Although it would be possible to write a book on the rise in popularity of many individual cloud services, one which looks set to continue to be particularly in demand in 2022 is cloud-based disaster recovery, such as Prodec’s disaster recovery as a service (DRaaS). Indeed, Forrester forecasted at the end of 2020 that 20% more companies would move on-premises disaster recovery to the public cloud by the end of 2021, and in fact the DRaaS market is expected to grow to $12.54 billion by 2022, up from $2.19 billion in 2017. With the importance of providing robust protection for your data and ensuring business continuity never being greater, this trend is perhaps hardly surprising.
The sea change in the working landscape, brought on by the pandemic, whereby work can no longer be seen as a place people go to, but more as a thing they do, has called for the most innovative technology to ensure everyone stays connected, wherever they are located. With Gartner forecasting that 51% of knowledge workers, and 32% of all employees worldwide, will be working remotely by the end of 2021, 2022 seems set to see this trend continue. So, what technologies look likely to help? Well, adoption of software-defined wide area networks (SD-WANs) by businesses is predicted to increase further in 2022. In fact, the rapid rise of SD-WAN, which is essentially a way of modernising the traditional WAN infrastructure, is a result of the need to provide a higher performing network that can better deal with the demands of remote working and cloud applications, as well as its ability to help reduce costs. Indeed, in a recent survey, 58% of respondents said their main motivation for deploying SD-WAN was the cost benefits it can bring.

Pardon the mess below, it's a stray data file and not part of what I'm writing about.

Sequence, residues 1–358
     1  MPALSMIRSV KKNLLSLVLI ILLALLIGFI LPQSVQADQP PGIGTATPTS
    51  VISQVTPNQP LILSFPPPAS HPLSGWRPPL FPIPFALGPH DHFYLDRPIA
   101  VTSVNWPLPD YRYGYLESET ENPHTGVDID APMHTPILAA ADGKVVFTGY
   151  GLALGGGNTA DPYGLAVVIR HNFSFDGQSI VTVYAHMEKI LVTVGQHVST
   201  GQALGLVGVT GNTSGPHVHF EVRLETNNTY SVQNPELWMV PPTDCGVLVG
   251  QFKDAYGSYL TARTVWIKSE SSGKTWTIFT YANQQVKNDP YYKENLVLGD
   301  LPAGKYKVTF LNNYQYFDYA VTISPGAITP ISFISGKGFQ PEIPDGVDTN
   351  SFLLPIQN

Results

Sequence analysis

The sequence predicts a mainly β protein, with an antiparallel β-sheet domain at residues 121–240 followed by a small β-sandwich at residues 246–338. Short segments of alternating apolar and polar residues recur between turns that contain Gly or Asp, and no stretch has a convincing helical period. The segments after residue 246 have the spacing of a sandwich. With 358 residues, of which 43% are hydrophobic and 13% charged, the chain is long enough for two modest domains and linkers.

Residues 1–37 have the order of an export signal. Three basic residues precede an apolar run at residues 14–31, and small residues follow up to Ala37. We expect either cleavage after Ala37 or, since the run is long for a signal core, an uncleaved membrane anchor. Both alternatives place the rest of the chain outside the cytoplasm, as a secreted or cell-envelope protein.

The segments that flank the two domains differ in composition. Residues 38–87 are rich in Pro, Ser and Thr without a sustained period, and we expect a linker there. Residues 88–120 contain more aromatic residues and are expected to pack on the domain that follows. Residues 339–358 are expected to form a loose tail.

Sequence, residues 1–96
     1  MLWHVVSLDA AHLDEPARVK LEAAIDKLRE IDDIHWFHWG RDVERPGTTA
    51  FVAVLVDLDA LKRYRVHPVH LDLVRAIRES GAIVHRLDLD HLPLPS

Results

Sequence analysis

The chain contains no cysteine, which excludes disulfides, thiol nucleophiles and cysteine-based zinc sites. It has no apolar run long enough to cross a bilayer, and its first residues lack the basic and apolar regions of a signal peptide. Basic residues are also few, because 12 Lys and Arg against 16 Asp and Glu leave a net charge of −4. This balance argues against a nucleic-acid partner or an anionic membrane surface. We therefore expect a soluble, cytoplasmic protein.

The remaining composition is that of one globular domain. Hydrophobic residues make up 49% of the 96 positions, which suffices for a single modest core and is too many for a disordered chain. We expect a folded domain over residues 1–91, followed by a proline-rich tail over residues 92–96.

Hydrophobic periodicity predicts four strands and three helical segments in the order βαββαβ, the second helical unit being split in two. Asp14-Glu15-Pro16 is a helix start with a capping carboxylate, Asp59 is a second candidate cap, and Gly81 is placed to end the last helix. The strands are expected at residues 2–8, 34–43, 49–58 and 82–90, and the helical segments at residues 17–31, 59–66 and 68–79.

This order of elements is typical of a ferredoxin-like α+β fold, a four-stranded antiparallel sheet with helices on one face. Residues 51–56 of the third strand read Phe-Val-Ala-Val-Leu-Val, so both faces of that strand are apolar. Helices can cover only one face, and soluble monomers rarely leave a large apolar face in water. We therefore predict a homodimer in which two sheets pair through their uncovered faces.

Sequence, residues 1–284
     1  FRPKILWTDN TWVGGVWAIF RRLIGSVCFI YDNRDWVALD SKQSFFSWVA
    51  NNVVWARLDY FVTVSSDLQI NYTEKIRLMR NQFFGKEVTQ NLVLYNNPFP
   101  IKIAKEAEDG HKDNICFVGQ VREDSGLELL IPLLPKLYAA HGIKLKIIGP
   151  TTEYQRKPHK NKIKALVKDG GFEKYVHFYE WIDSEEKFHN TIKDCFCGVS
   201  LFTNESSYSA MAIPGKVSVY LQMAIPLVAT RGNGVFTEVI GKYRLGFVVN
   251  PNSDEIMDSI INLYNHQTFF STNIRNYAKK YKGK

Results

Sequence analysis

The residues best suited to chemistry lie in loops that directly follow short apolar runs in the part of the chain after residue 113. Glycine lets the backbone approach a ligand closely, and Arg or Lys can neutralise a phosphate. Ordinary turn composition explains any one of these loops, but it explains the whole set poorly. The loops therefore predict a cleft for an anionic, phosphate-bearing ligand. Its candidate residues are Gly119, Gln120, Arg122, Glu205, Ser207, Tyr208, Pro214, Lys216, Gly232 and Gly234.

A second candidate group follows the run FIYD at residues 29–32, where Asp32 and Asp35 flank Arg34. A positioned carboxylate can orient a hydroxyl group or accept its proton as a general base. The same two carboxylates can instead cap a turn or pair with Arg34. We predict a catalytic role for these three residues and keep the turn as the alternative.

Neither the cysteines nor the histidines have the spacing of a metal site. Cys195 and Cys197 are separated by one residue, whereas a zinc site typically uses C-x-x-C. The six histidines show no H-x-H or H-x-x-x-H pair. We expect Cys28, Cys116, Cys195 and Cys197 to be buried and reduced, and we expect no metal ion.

Another interesting trend was highlighted in a 2021 research paper by IDC and Limelight Networks on edge computing, which forecasted a 40% increase in edge deployment of network resource by 2022. It also predicted that by next year 60% of all network resources will be deployed at remote edge or service provider locations, up from 20% in 2020. Edge computing is all about bringing computation and data storage closer to the location where it is required. By processing data nearer the source, edge computing can speed up response times for devices and save data bandwidth. This therefore enables data to be processed, transferred and analysed at the ‘edge’ of the network, and can reduce data centre costs by allowing more efficient use of cloud computing systems. Edge computing is especially useful for Internet of things (IoT) devices, as it enables large amounts of data to be analysed in near real time, potentially improving appliance performance. In fact, it would certainly seem that this is a technology to watch closely, as 73% of industry professionals interviewed by IDC said they viewed edge as a strategic investment.